Hebrews 2:11-13. For — As if he had said, And it appears that it was meet that Christ should suffer, because, having the same nature with us, it was necessary he should thus be made like us, who must suffer before we can reign; both he that sanctifieth — That washes men from their sins in his blood, renews them in the spirit of their minds, and consecrates them unto God; and they who are sanctified — Who are renewed and dedicated to God; are all of one — Of one nature, from one parent, Adam; for which cause he is not ashamed to call them — Whom he thus sanctifies and saves; brethren — He reckons it no disparagement to him, though in respect of his divine nature he is infinitely above them, to acknowledge and deal with them as his brethren; saying, (Psalm 22:22,) to his Father, When I appear in the human nature on the earth, I will declare thy name — Thy perfections, and especially thy grace and mercy in sending me into the world; unto my brethren — Of mankind; in the midst of the church — Publicly among the people of God; will I sing praise unto thee — As the precentor of the choir. This he did literally in the midst of his apostles, on the night before his passion. And in a more general sense, as the expression means setting forth the praise of God, he has done it in the church by his word and Spirit in all ages; and he still does, and will do it throughout all generations. It is well known that the 22d Psalm, from which this passage is cited, is a prophetic description of the sufferings of Christ, the apostles and evangelists having applied many passages of it to him. Also by repeating the first words of it from the cross, our Lord appropriated the whole of it to himself. The ancient Jewish doctors likewise interpreted this Psalm of the Messiah. And again — (Psalm 18:2,) as one that has communion with his brethren in sufferings, as well as in nature, he says; I will put my trust in him — To support me under, and carry me through them all. Hereby the apostle proves that Christ had the same affections, and consequently the same nature with believers. For had he been God only, or the Son merely in his original state, he could not have been brought into such a condition as required dependance upon another; neither is the nature of angels exposed to such dangers or troubles, as render it necessary for them to have recourse to God for support, protection, and consolation. And again Isaiah 8:18, (where see the note,) when he says; Behold I and the children which God hath given me — He makes a like acknowledgment of his near relation to them, and of his being of the same nature with them, parents being of the same nature with their children. The opposers of Christianity affirm, that the prophecy from which this is taken doth not relate to the Messiah, and that in applying it to Jesus, the writer of this epistle hath erred; and from this they infer that he was not inspired. But, in answer, be it observed, that the application of this prophecy to Christ doth not rest on this writer’s testimony alone. The 14th verse of the prophecy is applied to him both by Paul, (Romans 9:33,) and by Peter, (1 Peter 2:6; 1 Peter 2:8,) and by Simeon, (Luke 2:34;) nay, our Lord has applied the 15th verse to himself, Matthew 21:44. So that if the writer of this epistle hath erred in the application of that prophecy, all the others have erred in the same manner. But that they have not, is sufficiently shown in the notes on the passages referred to.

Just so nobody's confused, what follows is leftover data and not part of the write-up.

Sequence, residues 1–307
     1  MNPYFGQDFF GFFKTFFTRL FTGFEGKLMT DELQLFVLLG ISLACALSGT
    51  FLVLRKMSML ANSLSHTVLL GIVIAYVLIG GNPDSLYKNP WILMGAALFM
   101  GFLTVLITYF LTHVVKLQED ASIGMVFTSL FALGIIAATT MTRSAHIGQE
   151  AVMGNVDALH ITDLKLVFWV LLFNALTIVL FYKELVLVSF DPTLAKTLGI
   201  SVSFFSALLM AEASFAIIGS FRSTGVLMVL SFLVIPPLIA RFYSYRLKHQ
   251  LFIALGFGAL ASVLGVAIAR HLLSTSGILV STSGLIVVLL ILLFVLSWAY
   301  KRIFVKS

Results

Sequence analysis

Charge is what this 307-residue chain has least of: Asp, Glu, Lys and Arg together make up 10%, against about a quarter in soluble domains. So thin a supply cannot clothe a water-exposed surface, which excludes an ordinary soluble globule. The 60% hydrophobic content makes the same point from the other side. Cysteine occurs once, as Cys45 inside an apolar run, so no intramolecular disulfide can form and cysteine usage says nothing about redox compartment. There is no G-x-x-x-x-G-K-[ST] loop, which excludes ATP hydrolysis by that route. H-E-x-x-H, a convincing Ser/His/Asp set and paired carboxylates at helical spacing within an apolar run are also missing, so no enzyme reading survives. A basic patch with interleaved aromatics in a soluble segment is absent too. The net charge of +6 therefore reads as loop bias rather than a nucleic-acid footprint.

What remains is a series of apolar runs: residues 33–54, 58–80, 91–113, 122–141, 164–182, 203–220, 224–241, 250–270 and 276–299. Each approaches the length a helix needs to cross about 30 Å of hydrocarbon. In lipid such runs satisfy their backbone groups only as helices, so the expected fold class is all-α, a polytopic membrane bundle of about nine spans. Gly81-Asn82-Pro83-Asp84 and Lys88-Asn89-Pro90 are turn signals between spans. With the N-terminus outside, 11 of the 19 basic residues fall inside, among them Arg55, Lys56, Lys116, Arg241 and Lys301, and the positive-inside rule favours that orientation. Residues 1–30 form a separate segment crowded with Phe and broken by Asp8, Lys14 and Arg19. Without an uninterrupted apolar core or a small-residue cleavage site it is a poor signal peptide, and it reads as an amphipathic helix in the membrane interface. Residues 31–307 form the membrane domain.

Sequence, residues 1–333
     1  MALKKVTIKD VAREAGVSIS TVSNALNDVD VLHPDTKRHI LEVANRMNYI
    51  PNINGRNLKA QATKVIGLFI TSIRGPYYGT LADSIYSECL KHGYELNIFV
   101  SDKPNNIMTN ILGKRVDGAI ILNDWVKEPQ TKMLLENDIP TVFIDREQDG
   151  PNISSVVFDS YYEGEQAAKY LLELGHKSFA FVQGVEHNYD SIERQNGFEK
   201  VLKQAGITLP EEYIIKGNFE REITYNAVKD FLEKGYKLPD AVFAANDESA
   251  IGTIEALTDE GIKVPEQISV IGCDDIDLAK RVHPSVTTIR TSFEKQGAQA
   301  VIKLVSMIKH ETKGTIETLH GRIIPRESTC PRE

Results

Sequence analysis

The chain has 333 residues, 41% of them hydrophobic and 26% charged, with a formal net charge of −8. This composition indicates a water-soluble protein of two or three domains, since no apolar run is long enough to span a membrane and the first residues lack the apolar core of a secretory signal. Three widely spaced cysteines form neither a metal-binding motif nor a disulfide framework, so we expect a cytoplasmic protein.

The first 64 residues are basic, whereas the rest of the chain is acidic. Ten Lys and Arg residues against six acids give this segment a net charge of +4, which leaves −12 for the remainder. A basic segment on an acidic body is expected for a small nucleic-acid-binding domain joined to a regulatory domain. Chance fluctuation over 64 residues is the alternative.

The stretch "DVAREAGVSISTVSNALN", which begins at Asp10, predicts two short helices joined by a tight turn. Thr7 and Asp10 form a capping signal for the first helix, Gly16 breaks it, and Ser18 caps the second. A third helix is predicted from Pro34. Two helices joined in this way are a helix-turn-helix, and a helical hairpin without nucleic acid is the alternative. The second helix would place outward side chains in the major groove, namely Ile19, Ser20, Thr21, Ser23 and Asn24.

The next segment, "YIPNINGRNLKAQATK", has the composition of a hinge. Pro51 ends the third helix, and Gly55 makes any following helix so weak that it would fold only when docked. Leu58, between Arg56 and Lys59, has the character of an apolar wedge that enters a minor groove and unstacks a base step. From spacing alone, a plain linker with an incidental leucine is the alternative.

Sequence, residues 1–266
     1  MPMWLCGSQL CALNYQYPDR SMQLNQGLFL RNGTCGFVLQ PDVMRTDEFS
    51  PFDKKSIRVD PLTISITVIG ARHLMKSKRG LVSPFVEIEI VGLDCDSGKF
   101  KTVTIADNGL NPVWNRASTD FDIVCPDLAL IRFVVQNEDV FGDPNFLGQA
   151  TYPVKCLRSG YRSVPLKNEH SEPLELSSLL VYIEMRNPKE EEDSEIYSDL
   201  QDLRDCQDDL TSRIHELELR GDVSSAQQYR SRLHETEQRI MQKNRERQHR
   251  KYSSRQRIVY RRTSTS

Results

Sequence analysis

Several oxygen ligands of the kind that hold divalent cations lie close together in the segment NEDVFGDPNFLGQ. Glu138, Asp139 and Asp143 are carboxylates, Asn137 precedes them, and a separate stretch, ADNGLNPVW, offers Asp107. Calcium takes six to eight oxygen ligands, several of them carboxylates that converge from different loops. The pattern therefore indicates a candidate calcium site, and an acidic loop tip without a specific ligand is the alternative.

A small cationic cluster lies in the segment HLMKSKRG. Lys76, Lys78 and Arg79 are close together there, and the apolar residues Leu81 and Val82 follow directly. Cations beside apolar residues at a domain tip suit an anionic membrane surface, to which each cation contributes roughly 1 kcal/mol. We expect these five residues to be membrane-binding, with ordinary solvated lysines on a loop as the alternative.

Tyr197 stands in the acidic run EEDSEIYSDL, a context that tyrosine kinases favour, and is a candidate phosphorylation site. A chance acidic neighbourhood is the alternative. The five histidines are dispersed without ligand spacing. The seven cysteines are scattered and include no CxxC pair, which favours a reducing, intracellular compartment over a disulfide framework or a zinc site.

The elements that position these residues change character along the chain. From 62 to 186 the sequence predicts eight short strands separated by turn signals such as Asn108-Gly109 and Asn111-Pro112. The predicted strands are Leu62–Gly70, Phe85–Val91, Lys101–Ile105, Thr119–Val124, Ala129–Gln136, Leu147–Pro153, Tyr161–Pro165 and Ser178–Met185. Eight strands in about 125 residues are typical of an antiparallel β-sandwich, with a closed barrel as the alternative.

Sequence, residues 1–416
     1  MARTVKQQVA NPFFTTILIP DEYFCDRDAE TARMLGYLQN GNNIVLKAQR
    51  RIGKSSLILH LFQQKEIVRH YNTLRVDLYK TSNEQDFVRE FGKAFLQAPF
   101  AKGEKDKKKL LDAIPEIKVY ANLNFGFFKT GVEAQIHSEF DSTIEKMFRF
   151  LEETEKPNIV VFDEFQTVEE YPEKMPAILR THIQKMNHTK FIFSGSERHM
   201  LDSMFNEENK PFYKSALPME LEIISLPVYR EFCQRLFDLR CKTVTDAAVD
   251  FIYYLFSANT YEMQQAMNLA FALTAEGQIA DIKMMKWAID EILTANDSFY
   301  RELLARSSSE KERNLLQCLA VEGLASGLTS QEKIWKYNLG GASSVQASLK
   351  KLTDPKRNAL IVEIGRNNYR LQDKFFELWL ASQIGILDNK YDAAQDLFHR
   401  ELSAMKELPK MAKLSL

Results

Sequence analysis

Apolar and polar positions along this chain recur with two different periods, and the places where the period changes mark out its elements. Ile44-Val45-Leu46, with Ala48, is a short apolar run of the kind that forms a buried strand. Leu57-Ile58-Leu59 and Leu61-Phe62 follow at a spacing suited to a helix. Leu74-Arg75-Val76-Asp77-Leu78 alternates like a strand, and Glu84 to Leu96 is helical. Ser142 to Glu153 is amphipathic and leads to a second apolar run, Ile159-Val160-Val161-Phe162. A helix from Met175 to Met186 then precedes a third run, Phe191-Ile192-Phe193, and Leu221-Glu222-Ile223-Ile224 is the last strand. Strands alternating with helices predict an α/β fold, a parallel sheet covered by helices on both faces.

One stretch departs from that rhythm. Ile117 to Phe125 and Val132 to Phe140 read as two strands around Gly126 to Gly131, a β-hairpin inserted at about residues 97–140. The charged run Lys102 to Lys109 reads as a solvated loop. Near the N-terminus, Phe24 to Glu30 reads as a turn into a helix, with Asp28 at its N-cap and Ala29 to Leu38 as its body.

2:10-13 Whatever the proud, carnal, and unbelieving may imagine or object, the spiritual mind will see peculiar glory in the cross of Christ, and be satisfied that it became Him, who in all things displays his own perfections in bringing many sons to glory, to make the Author of their salvation perfect through sufferings. His way to the crown was by the cross, and so must that of his people be. Christ sanctifies; he has purchased and sent the sanctifying Spirit: the Spirit sanctifies as the Spirit of Christ. True believers are sanctified, endowed with holy principles and powers, set apart to high and holy uses and purposes. Christ and believers are all of one heavenly Father, who is God. They are brought into relation with Christ. But the words, his not being ashamed to call them brethren, express the high superiority of Christ to the human nature. This is shown from three texts of Scripture. See Ps 22:22; 18:2; Isa 8:18.For both he that sanctifieth - This refers, evidently, to the Lord Jesus. The object is to show that there was such a union between him and those for whom he died, as to make it necessary that he should partake of the same nature, or that he should be a suffering man; Hebrews 2:14. he undertook to redeem and sanctify them. He called them brethren. He identified them with himself. There was, in the great work of redemption, a oneness between him and them, and hence, it was necessary that he should assume their nature - and the fact, therefore, that he appeared as a suffering "man," does not at all militate with the doctrine that he had a more exalted nature, and was even above the angels. Prof. Stuart endeavors to prove that the word "sanctify" here is used in the sense of, "to make expiation" or "atonement," and that the meaning is, "he who maketh expiation, and they for whom expiation is made."